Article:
Recently, Mysterista Mia Manansala wrote about this crazy event known as NaNoWriMo (National Novel Writing Month). For those who haven’t heard of it, it’s an online, community-driven event where participants attempt to write a complete novel (or at least 50,000 words) in one month. It’s a wonderful way to push a writer out of his/her comfort zone, write fast and dirty, and build a routine of putting butt in chair, fingers on keys. This is not the time to overthink, edit, or revise as you go – the goal is words, lots of words, down on the screen.
I’ve never won.
November is a terrible month for this.
And yet, here I am, giving it another shot. We’re four days in and I’m actually proud to say I got +1400 words yesterday. Of course, the goal is roughly 1600+ per day, so I’m a wee bit behind, but – I GOT WORDS DOWN! One of the things I love most about NaNoWriMo is that there’s a ton of enthusiasm. Volunteers do a fantastic job of communicating with participants, encouraging local write-ins or online conversations to help motivate and inspire. It’s a month of cheerleading and support for what is usually a fairly solitary endeavor. NaNoWriMo is a great reminder that there’s a whole community of lovely, supportive, encouraging people out there who are enduring the same challenges.
The program has expanded beyond the November event, too. There’s Camp NaNoWriMo in the Spring (April and July), with a less rigorous expectation for word count – you set your own word count goal, but you don’t have to hit 50,000. It’s a great way to stay in touch with your writers’ community and keep that routine going, with a degree of flexibility. The aspect of Camp NaNoWriMo I really enjoy is the cabins. For regular NaNoWriMo you can have a buddy community, similar to the concept of an FB friend. For Camp NaNoWriMo, you can become part of a cabin community, either of your own choosing or you can ask the organization to assign you to a cabin. Either way, it’s another fun option for coming together with a group of people sharing similar goals.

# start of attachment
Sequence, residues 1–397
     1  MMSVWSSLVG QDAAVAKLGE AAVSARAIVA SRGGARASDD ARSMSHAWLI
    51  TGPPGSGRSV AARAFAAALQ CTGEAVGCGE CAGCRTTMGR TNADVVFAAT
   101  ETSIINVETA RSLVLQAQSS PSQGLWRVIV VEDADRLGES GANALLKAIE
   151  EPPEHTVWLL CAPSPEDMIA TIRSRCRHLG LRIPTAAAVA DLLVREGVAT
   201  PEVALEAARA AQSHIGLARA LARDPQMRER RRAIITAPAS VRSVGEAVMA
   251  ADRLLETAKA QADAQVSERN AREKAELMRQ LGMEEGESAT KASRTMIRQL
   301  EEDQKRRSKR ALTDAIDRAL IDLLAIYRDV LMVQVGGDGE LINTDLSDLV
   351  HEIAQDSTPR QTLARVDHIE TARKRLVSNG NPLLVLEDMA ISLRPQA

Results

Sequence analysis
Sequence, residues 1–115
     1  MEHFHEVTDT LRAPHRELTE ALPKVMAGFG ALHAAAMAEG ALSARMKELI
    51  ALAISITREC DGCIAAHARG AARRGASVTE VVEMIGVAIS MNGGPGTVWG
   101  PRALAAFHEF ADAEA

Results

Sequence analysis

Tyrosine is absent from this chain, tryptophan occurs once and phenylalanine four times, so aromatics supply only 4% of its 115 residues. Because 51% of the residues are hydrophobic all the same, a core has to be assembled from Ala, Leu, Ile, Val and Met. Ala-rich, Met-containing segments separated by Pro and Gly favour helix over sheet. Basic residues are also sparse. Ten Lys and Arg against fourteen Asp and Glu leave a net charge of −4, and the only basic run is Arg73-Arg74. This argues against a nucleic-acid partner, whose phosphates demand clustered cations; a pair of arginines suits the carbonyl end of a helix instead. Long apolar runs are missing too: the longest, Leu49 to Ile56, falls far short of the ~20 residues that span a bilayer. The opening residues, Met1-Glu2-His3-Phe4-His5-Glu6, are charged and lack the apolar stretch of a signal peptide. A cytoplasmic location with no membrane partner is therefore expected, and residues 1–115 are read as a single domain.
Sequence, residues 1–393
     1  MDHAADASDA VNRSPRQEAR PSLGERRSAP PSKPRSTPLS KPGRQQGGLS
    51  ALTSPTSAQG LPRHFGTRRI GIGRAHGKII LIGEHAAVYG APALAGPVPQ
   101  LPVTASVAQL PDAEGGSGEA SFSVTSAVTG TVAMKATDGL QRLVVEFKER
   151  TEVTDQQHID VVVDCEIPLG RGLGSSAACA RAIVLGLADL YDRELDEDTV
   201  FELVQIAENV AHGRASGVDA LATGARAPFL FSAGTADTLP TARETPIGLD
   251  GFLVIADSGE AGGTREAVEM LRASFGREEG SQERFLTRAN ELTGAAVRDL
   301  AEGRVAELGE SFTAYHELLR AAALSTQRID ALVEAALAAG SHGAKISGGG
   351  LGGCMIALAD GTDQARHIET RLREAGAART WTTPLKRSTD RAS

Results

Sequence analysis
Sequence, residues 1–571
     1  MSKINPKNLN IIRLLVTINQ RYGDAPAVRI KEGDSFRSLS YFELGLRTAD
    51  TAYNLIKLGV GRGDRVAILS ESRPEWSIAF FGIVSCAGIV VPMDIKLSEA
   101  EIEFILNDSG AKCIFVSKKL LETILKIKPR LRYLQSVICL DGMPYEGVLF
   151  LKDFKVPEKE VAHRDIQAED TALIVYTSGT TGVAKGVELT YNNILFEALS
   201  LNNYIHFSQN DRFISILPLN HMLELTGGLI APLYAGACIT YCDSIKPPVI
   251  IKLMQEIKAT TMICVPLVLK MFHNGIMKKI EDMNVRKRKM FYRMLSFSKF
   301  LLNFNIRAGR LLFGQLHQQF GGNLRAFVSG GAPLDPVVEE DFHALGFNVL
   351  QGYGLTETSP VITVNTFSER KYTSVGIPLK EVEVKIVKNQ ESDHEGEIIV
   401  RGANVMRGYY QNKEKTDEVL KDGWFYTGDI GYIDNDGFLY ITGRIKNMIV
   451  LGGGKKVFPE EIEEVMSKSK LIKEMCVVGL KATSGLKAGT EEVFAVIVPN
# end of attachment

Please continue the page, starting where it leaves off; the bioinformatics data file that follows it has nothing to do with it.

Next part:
My cabin group has branched out and created an FB group, as well, so we continue to communicate even after Camp is over. I love the on-going opportunity to gather my community around me, sharing successes and challenges, and using the group energy for motivation. This is where social media and technology really add value to life, for me.
I’d love to hear about other virtual opportunities to create writing communities – any suggestions?